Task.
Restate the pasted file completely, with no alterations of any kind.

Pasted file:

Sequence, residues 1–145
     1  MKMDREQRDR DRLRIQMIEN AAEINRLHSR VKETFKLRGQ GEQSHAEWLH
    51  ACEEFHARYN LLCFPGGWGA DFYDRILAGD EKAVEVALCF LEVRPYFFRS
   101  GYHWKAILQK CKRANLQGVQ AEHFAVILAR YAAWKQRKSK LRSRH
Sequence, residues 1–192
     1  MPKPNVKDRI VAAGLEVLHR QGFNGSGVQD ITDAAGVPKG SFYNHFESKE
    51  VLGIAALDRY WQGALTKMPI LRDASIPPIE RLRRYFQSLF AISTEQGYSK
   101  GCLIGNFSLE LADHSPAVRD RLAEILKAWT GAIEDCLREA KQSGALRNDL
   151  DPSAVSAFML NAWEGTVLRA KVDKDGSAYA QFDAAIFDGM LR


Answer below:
Sequence, residues 1–145
     1  MKMDREQRDR DRLRIQMIEN AAEINRLHSR VKETFKLRGQ GEQSHAEWLH
    51  ACEEFHARYN LLCFPGGWGA DFYDRILAGD EKAVEVALCF LEVRPYFFRS
   101  GYHWKAILQK CKRANLQGVQ AEHFAVILAR YAAWKQRKSK LRSRH
Sequence, residues 1–192
     1  MPKPNVKDRI VAAGLEVLHR QGFNGSGVQD ITDAAGVPKG SFYNHFESKE
    51  VLGIAALDRY WQGALTKMPI LRDASIPPIE RLRRYFQSLF AISTEQGYSK
   101  GCLIGNFSLE LADHSPAVRD RLAEILKAWT GAIEDCLREA KQSGALRNDL
   151  DPSAVSAFML NAWEGTVLRA KVDKDGSAYA QFDAAIFDGM LR